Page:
Sunday 19 June 2011

Listening to the Economy

At this time of economic crisis, the most obvious thing to do is to question our assumptions. Unfortunately, many of those assumptions are seen to be simply too difficult, or worse, simply too 'obvious' to be critiqued. We need powerful questions to kick-start a process of critique making what seems obvious less so. Here is my attempt:

1. What is property?
Our attachment to material artefacts, other people, intellectual ideas, religious belief, language, culture and personal habits are all considered factors which underpin economic behaviour. From Keynes's 'propensity to consume' to Sen's recent work on identity, it seems that the core of our values lies in attaching value to things external to us. In the case of people who we love, one set of economic behaviours arises: the provision of safety and opportunity, for example. In the case of material things, another set of economic behaviour arises: the exchange of goods and services, the management of money. When we get to intellectual ideas, it starts to get more confusing, and religious belief and culture are clearly more aligned to personal identity.

But Sen might be right in thinking that it all relates to identity in some way, and the essential balance with regard to property and identity fundamentally relates to peace and violence.

Our conventional view of property, and the related concepts of commodities, services, value, exchange, etc have received little attention since Marx, and indeed much of his thinking preserved basic assumptions by Smith and Locke.

But we are getting a feeling for how property and identity might be biological. The hints that this is so are coming particularly from our realisation of risk being a major factor in the organisation of our economy. Risk clearly has a bio-psychological component in the emotion of anxiety that associates with it.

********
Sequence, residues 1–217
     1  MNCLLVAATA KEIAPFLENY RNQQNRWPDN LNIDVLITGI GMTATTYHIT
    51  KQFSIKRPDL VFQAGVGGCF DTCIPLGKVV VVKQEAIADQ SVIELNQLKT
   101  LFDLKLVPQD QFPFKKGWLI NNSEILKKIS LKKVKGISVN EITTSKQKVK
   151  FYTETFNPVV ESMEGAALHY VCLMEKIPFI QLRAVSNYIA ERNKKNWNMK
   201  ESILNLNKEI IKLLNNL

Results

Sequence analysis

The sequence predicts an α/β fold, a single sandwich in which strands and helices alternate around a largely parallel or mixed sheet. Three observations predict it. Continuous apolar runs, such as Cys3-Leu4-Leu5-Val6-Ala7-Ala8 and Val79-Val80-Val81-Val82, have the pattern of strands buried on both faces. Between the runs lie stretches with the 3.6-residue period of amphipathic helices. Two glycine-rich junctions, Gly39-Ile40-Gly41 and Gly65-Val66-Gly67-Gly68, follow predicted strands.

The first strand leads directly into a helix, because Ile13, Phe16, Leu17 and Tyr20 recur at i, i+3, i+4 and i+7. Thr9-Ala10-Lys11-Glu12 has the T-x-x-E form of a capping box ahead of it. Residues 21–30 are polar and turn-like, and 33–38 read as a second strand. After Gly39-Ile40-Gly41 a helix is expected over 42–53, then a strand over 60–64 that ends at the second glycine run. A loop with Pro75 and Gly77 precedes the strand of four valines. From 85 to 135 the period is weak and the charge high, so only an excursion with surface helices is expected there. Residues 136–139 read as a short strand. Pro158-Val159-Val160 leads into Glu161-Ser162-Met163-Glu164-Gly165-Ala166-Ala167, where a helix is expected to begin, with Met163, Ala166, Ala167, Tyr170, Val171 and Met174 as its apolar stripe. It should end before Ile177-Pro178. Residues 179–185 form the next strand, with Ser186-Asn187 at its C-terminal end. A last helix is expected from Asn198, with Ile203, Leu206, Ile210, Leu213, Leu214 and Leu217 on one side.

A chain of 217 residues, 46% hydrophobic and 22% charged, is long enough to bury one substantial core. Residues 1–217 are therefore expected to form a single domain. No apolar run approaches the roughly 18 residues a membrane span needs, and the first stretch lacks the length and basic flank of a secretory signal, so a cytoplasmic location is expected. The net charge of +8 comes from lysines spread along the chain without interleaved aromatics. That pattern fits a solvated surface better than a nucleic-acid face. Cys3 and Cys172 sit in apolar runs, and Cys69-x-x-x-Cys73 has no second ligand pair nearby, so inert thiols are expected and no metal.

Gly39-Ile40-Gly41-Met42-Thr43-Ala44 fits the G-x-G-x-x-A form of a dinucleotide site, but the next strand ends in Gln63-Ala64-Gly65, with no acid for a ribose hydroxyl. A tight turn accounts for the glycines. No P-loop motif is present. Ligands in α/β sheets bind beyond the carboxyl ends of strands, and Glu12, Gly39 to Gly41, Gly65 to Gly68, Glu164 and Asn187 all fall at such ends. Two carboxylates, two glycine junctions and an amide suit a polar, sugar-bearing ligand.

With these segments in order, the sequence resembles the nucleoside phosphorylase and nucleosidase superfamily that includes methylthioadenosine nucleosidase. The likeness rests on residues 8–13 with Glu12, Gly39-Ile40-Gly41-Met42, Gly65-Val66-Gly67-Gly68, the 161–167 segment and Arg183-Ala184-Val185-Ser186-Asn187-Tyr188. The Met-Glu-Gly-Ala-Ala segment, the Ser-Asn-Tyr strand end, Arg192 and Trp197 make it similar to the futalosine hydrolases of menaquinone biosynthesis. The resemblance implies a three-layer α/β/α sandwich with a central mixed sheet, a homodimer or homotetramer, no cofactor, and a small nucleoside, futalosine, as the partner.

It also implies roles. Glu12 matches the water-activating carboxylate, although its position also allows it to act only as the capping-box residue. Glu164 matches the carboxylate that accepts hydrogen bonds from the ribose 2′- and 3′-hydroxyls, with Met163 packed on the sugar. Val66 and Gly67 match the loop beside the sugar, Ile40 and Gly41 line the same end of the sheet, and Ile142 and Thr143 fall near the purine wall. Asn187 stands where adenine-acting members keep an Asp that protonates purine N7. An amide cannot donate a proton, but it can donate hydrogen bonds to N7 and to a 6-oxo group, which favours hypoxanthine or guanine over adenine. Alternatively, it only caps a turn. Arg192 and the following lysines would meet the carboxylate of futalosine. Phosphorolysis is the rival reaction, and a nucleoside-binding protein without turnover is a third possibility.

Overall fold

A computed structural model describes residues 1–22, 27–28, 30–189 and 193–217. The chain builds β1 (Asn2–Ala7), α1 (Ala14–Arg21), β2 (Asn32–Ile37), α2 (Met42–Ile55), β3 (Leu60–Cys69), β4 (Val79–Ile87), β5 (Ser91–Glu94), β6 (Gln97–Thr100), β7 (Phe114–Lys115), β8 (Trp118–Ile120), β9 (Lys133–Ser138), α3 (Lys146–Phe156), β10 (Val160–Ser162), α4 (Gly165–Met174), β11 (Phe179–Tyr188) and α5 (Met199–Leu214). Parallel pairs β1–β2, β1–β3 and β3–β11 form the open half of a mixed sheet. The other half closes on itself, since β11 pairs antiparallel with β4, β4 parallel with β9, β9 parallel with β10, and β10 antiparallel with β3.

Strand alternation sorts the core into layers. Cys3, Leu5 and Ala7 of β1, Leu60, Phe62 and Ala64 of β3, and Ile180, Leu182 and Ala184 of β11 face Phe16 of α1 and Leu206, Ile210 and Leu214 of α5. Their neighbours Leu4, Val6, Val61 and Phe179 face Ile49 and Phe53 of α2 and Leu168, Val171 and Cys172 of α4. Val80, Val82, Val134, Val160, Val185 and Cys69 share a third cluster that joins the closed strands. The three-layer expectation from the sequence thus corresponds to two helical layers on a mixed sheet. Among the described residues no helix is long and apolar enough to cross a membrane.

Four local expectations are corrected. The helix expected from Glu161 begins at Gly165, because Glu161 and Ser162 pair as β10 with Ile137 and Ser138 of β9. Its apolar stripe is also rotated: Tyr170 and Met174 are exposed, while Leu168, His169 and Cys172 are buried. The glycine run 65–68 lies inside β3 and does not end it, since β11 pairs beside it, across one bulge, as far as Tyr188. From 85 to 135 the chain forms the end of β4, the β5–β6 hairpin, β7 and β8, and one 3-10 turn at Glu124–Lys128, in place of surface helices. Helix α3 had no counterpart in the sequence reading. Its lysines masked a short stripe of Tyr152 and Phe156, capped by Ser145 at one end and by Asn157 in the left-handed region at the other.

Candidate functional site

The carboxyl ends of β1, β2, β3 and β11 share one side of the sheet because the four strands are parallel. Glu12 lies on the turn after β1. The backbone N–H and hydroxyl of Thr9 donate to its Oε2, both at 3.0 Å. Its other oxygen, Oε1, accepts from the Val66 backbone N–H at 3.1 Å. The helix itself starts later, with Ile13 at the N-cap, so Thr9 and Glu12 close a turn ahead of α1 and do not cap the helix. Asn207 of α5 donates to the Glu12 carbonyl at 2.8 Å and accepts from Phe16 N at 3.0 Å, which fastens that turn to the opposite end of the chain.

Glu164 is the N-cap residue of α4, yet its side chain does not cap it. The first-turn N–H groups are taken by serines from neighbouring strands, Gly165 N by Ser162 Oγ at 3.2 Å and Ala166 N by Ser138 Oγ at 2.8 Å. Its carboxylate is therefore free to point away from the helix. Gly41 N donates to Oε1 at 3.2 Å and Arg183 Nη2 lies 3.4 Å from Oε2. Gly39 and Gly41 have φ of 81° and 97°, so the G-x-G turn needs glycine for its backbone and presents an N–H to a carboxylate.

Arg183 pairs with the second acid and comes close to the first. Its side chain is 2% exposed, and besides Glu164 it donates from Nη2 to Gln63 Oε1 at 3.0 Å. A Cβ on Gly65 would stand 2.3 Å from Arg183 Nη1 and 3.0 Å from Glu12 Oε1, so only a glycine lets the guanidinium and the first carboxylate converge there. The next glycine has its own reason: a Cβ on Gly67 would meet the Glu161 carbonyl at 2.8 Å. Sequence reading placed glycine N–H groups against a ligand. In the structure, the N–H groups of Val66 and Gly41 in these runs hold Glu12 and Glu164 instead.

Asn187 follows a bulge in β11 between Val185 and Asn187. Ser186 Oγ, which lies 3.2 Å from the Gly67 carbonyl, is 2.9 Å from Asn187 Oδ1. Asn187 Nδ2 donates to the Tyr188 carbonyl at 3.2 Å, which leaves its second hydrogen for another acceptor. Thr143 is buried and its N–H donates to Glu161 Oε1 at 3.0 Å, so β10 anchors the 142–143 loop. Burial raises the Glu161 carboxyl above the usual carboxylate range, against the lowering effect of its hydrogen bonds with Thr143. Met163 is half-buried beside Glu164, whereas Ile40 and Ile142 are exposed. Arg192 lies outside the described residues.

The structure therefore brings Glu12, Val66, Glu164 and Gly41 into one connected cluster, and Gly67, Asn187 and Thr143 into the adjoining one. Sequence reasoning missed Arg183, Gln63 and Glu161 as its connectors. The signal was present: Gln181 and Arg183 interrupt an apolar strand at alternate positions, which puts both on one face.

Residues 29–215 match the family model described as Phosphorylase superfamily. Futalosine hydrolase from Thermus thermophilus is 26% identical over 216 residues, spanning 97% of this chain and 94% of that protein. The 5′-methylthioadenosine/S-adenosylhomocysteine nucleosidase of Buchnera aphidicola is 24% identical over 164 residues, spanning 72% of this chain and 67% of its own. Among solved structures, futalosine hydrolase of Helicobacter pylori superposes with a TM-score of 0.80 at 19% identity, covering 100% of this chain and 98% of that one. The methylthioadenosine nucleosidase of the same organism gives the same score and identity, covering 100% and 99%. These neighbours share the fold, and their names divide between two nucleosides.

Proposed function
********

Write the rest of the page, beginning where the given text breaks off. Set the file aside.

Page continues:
That starts to open things up with regard to identity. For the function of property may be related to the management of anxiety in some way. I'm wondering if John Bowlby might characterise this as a form of 'attachment' - and that makes things really interesting for me because Bowlby is fundamentally cybernetic in his thinking.

If property relates to emotions of anxiety, then the question is 'how might it work?', and with a description of how it might work, we might be able to gain a deeper insight into an alternative view on property.

2. What is money and exchange?
This obviously is a fundamental question, although it has received rather more theoretical attention than property. However, if property is conceived in biological terms as feedback mechanisms, then money (which is also a kind of property) is there too.

The deeper question is to consider the nature of exchange, where property seen from a biological context is transferred from one person to another. Money, as an abstract medium for this transfer to take place, can also then be seen from a biological perspective. Such things as money, property, exchange, etc can all then be seen as regulating mechanisms.

3. What lies behind the 'propensity to consume' and the 'propensity to save'?